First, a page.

BOOK I - The Library of History

Bibliotheca historica
The first five books
BOOK I
BOOK II
BOOK III
BOOK IV
BOOK V







Page 25

I am Osimanduas King of Kings; if any would know how great I am, and where I lye, let him excel me in any of my Works.

There was likewise at this Second Gate, another Statue of his Mother, by her self, of one Stone, Twenty Cubits in height; upon her Head were plac'd Three Crowns, to denote she was both the Daughter, Wife and Mother of a King. Near to this Portico they say there was another Gallery or Piazzo, more remarkable than the former, in which were various Sculptures representing his Wars with the Bactrians, who had revolted from him, against whom (it's said) he march'd with Four Hundred Thousand Foot, and Twenty Thousand Horse; which Army he divided into Four Bodies, and appointed his Sons Generals of the whole.

In the first Wall might be seen the King assaulting a Bulwark, inviron'd with the River, and fighting at the Head of his Men against some that make up against him, assisted with a Lion in a terrible manner, which some affirm is to be taken of a true and real Lion, which the King bred up tame, which went along with him in all his Wars, and by his great strength ever put the Enemy to flight. Others make this Construction of it, that the King being a Man of extraordinary Courage and strength, he was willing to trumpet forth his own praises, setting forth the Bravery of his own Spirit, by the representation of a Lion.

In the Second Wall was carv'd the Captives dragg'd after the King, represented without Hands and Privy Members; which was to signifie that they were of effeminate Spirits, and had no Hands when they came to fight.

The Third Wall represented all sorts of Sculptures and curious Images, in which were set forth the King's sacrificing of Oxen, and his Triumphs in that War.

In the middle of the Peristylion, open to the Air at the top, was rear'd an Altar of shining Marble, of excellent Workmanship, and for largeness to be admir'd.

In the last Wall were Two Statues, each of one intire Stone, Seven and Twenty Cubits high: Near to which Three Passages open'd out of the Peristylion, into a stately Room supported with Pillars like to a Theater for Musick; every side of the Theater was Two Hundred Foot Square. In this there were many Statues of Wood, representing the Pleaders and Spectators looking upon the Judges that gave Judgment. Of these there were Thirty carv'd upon one of the Walls. In the middle sat the Chief Justice, with the Image of Truth hanging about his Neck, with his Eyes clos'd, having many Books lying before him: This signify'd that a Judge ought not to take any Bribes, but ought only to regard the Truth and Merits of the Cause.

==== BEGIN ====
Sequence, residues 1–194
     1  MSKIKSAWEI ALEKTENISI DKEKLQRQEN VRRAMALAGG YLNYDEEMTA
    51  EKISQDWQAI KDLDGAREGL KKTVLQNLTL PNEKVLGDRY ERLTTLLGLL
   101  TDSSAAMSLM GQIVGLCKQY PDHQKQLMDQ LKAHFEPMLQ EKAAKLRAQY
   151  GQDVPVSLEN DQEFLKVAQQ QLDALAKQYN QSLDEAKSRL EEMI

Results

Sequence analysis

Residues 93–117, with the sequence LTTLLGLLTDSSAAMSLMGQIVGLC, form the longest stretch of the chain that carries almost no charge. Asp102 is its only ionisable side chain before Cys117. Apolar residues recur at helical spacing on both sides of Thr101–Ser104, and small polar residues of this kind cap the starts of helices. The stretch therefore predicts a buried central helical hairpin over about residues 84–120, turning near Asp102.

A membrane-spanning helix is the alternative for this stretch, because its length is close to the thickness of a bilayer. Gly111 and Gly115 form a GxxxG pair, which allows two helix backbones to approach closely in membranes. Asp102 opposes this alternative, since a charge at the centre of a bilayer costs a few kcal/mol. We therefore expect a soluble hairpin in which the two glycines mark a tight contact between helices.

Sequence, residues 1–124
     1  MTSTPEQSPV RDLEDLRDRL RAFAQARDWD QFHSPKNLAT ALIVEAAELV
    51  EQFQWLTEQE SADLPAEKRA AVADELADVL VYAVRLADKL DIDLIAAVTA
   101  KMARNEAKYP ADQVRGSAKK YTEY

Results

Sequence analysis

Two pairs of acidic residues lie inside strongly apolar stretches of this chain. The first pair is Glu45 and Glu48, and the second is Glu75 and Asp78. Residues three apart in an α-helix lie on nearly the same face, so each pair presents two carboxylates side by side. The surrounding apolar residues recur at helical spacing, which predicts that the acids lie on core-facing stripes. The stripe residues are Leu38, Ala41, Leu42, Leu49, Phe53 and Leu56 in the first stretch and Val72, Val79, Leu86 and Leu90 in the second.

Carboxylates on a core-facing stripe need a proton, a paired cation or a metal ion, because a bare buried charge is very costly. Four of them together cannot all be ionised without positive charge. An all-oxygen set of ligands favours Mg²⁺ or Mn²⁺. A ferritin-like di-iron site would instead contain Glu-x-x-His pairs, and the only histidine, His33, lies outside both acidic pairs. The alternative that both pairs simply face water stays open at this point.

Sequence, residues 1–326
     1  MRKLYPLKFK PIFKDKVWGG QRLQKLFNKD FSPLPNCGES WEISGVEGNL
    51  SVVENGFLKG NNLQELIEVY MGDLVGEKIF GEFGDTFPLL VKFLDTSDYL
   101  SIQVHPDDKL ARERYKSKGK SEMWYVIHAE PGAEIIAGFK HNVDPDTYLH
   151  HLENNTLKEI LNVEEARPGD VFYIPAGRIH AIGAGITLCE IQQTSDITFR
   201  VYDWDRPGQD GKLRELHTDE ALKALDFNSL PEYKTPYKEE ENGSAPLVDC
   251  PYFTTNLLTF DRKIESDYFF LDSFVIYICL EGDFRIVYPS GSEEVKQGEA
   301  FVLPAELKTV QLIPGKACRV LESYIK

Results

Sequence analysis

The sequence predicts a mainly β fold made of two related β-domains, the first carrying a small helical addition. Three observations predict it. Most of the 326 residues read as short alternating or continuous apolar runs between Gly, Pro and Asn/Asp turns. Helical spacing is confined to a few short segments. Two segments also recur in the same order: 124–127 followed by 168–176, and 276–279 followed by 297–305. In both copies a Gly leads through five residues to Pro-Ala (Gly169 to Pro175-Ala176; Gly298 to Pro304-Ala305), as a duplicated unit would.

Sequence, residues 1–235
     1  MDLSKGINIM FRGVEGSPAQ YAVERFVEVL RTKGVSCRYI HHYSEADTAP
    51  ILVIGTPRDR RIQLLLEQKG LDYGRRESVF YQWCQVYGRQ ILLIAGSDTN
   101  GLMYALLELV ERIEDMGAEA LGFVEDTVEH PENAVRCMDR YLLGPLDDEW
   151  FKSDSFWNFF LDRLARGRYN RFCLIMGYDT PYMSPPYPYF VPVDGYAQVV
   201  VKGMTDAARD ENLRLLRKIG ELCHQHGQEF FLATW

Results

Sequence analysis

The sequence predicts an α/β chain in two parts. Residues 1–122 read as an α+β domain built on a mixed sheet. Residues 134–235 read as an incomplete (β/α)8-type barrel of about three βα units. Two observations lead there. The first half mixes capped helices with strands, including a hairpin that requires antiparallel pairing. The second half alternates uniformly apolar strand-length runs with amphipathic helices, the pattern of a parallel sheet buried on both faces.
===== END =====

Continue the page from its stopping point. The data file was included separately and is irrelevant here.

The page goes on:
Next adjoyning was a Gallery full of divers Apartments, in which were all sorts of Delicate Meats ready drest up. Near hereunto is represented the King himself, curiously carv'd and painted in glorious Colours, offering Gold and Silver to the Gods; as much as he yearly receiv'd out of the Gold and Silver Mines. The Sum was there inscrib'd (according to the Rate of Silver) to amount unto Thirty Two Millions of Minas. Next hereunto was the Sacred Library, whereon was inscrib'd these Words, viz. The Cure of the Mind. Adjoyning to this were the Images of all the Gods of Egypt, to every one of whom the King was making Offerings peculiarly belonging to each of them, that Osiris and all his Associates who were plac'd at his Feet, might understand his Piety towards the Gods, and his Righteousness towards Men. Next to the Library was a stately Room, wherein were Twenty Beds to eat upon, richly adorn'd; in this House were the Images of Jupiter and Juno, together with the Kings: And here it's suppos'd the King's Body lies inter'd: Round the Room are many Apartments, wherein are to be seen in curious Painting, all the Beasts that are accounted Sacred in Egypt. Thence are Ascents to the top of the whole Monument of the Sepulcher, which being mounted, appears a Border of Gold round the Tomb of Three Hundred Sixty Five Cubits in Compass, and a Cubit thick; within the Division of every Cubit, were the several Days of the Year ingraven, with the natural rising and setting of the Stars and their Significations, according to the Observations of the Egyptian Astrologers. This Border, they say, was carry'd away by Cambyses and the Persians, when he conquer'd Egypt. In this manner they describe the Sepulcher of King Osimanduas,



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